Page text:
1- CHANNEL L OG M EL R AW 23.4 23.7 22.8 23.4 21.8 22.5

2- CHANNEL L OG M EL R AW 21.8 21.5 21.3 21.2 20.7 21.2

Table 1: WER for the baseline models on en us dataset. Baseline CLP. For the baseline CLP model, the frequency range between 125 Hz to 7500 Hz were kept, similar to the Log Mel model. Since the pre-emphasis filter used during FFT computation can harm the phase information, it is removed for the CLP models. The pre-emphasis was helping Log Mel performance, so it is kept for Log Mel models. To enforce sparsity, L1 regularization was used for learning the CLP component weights. Similar performance was achieved by constraining the frequency ranges covered by each filter, Figure 1-c. The baseline CLP model results are shown in Table 2. The CLP model performance is in par with the Log Mel model for single channel and yields a gain of about 4% over the 2-channel baseline models in Table 1. Learning in Frequency versus Time. We argue learning in the frequency domain is more efficient compare to the time domain in three aspects, parameter tuning, computation efficiency, and optimization. The efficiency of the Raw waveform model is devoted to the proper choice of the convolution filter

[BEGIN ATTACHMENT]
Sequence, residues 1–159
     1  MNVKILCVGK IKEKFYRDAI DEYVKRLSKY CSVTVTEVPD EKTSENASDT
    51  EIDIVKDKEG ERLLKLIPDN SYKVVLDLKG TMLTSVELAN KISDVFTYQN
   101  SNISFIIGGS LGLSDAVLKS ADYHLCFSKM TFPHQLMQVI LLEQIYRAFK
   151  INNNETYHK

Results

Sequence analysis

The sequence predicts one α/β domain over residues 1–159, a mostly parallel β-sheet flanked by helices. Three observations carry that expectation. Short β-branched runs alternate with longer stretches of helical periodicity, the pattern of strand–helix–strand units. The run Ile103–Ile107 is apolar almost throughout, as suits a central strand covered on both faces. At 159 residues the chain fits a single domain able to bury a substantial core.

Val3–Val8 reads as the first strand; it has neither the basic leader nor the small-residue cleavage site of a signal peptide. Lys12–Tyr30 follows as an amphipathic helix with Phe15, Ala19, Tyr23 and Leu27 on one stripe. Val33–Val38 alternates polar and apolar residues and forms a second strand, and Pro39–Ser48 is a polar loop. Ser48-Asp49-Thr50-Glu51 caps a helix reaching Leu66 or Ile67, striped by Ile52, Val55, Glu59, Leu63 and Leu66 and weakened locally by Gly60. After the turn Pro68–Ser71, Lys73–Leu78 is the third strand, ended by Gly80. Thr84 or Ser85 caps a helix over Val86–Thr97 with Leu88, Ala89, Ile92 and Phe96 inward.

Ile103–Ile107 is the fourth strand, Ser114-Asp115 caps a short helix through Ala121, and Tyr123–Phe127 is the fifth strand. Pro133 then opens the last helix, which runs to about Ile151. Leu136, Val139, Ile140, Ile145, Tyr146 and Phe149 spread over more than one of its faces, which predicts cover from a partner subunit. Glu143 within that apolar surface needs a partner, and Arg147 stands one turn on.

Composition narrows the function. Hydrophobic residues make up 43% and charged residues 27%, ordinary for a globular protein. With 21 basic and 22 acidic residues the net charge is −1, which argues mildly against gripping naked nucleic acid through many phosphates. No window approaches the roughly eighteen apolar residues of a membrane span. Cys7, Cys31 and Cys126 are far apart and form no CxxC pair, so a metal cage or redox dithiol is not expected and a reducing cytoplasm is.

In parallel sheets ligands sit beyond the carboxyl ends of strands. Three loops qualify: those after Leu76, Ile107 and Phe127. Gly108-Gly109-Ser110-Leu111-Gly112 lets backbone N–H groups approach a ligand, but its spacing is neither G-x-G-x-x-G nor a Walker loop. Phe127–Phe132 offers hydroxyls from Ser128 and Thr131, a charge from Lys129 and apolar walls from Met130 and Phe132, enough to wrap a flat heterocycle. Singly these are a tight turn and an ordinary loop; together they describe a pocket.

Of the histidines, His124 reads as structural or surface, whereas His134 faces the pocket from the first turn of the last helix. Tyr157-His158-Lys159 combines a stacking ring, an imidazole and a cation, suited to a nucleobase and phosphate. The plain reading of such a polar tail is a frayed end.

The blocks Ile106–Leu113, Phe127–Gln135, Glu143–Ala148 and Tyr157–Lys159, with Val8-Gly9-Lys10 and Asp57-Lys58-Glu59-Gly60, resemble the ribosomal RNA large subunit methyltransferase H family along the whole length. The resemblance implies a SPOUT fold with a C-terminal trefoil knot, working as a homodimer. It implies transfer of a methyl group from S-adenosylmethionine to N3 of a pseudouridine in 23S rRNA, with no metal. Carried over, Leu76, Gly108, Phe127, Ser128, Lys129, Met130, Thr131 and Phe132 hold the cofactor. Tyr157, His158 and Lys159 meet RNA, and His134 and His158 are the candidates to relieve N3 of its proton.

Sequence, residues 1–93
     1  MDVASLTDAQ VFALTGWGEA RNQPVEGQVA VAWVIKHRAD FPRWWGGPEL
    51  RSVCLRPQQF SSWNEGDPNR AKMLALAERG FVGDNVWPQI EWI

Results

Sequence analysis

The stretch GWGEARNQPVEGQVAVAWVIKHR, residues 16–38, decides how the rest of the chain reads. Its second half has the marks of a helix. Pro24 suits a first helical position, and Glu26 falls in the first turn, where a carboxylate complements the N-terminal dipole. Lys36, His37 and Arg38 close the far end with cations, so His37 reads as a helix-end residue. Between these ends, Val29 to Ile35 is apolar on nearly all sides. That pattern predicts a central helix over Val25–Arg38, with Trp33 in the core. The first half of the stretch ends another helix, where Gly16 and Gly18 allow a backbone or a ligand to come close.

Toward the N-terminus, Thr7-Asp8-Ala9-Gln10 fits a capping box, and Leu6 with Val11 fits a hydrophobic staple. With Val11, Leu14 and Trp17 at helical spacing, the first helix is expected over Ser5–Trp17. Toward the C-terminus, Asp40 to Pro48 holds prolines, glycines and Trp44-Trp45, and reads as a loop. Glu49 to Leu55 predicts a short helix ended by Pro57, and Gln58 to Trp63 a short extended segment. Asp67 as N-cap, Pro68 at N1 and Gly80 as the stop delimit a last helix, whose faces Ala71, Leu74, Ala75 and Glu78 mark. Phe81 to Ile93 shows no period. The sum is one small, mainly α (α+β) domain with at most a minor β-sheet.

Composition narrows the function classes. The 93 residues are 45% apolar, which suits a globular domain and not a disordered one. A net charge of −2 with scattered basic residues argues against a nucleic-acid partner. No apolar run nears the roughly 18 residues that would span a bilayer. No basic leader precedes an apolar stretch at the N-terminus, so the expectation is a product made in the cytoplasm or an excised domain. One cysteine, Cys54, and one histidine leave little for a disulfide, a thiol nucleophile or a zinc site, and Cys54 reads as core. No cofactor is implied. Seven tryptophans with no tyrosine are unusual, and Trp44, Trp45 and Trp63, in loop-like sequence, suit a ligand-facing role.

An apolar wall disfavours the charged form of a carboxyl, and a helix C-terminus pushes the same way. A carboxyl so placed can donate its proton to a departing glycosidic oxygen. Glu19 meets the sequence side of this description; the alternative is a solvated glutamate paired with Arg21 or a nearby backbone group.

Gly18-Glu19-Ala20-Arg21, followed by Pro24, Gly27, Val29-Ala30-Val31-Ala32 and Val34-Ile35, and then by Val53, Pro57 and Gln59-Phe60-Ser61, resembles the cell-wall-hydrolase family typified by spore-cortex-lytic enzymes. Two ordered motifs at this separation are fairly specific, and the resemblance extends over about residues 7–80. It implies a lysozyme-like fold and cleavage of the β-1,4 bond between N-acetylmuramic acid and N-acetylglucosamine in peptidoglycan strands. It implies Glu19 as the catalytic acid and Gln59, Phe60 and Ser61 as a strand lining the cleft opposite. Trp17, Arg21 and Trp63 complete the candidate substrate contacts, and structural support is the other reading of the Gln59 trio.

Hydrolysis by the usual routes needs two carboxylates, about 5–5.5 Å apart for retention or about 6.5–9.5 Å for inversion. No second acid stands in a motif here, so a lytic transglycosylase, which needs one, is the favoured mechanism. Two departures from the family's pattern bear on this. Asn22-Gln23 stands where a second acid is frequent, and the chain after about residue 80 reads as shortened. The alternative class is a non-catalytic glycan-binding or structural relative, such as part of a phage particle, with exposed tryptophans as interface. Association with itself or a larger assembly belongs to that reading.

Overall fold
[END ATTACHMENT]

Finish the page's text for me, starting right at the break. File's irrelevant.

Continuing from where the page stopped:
1- CHANNEL 23.2 22.8 22.0

2- CHANNEL 21.5 20.9 20.5

Frequency [kHz]


Table 2: WER for CLP baseline models on en us dataset. size as well as pooling size. As Table 3 shows, to capture long temporal dependencies of speech, the best WER achieved using filter support size of 352 samples. However this leads to significant computation bottleneck during training and run time. The time implementation of p filters in the time domain with filter support size of d and stride of one for a 2N point signal and full convolution requires 2pd × (2N + d + 1) operations. Similar operation can be done by 16pN operations in the frequency domain. Hence, there is a factor of kernel size difference between run-time of the same operation in the time and frequency domains. Table 4, compares the total number of parameters as S UPPORT SIZE WER

112 25.8

192 23.8

272 23.4